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Nature-driven innovation lays the design for a thriving world

The convergence of nature and technology can allow humans to reassemble what was scattered by the Industrial Revolution, say experts.

“We are on the cusp of the biggest industrial revolution ever," said biomimetic inventor Jay Harman at VERGE SF 2014 on Wednesday. He was in good company.

On the same stage, author and entrepreneur Paul Hawken explained on Tuesday how “the Industrial Age has been dispersing elements, creating pollution [carbon into the air, metals and toxics in the waterways] whereas nature concentrates and reassembles those same elements to generate resources.” His conclusion? Now is the time to “run the industrial revolution backward.”

A few hours later, Mark Hatch, TechShop's founder and a leading figure of the maker movement, would go on to describe the nascent renaissance of 3D-printing-driven manufacturing as the reassembly of people's mental, cognitive and emotional dimensions whose disassociation was brought about by the Industrial Revolution; and as the advent of a manufacturing age centered around the needs of the individual, whether creator or consumer.

For all the Silicon Valley focus on, and investments in, self-learning machines, autonomous cars and computer-supported personal health, could we just as surely be headed for a near future of nature-emulating, resource-generating innovation age that is respectful of both the natural environment and the human beings who depend on it?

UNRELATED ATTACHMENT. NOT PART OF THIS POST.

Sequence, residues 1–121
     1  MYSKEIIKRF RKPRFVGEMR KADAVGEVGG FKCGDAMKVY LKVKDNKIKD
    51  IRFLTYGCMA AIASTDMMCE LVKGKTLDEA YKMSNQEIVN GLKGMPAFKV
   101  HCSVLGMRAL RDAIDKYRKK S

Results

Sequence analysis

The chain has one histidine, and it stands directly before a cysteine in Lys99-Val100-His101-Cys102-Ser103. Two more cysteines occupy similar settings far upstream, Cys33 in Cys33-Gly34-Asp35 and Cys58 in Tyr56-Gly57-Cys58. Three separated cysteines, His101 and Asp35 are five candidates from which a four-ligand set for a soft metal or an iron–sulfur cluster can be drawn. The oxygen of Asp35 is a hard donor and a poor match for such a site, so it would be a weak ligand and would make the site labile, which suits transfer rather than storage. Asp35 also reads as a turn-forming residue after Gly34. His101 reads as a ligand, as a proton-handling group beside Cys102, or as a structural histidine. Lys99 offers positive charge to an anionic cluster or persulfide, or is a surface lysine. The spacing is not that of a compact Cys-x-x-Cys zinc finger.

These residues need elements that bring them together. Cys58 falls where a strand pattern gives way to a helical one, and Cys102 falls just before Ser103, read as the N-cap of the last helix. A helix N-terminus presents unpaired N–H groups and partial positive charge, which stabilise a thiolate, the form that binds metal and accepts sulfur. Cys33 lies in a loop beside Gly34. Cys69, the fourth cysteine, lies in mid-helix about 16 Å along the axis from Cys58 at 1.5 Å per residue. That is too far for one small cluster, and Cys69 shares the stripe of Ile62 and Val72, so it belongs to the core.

“Forget about 'sustainability': we either augment or diminish life on Earth,” said Hawken. The simple question becomes, how do we augment life on Earth and create clothing, food, transportation, energy, habitat—all that we, humans, need to live on this planet.

Fortunately, answers are readily available. "Nature has already solved all the problems faced by humans today," stressed Harman. 

“Life is good at concentrating water, photons, carbon and metals,” explained Hawken's business partner, Biomimicry Institute founder Janine Benyus. “We already know how to take water from the air, condense photons to generate electricity, and collect carbon from the air to produce plastic.”

Indeed, existing initiatives can give us a glimpse of what a world where technology emulates nature could look like. Picture buildings kept clean by the rain just like butterfly wingsspider web-inspired non-reflective glass that ward off birds; solar panels as cheap, portable and effective as leaves; streets illuminated at night by glowing trees.

EarthDay creator Denis Hayes stepped on stage at VERGE SF 2014 to showcase the Seattle Bullitt Center, a “living organism” that was designed and built to have an Ecological Footprint (including energy and water) close to zero.

Bringing together nature and additive manufacturing even opens up exciting possibilities, suggested Benyus.

“3D printers are ideal manufacturing devices for biomimicry since they already mimic the way nature builds things up, without cutting out waste,” she said. “Imagine how we could infuse biological intelligence in a 3D printing file so that it resides in objects that people use everyday.”

Nature could even provide a welcome answer to what makers themselves admit to be currently the biggest pitfall of 3D printing: raw material. For now, most printing filament commonly available is plastic-based.

“We have to make it work financially or we may end up with more plastic junk than ever before,” said Type A Machines CEO Espen Sivertsen on VERGE makers panel. His company sells corn-based, biodegradable PLA and takes empty spools back from its consumers for reuse.

“We could use any raw material available in nature, like cellulose, and apply to it a disassembly process that also mimics nature,” suggested Benyus.

Imagine —the world could be our oyster.

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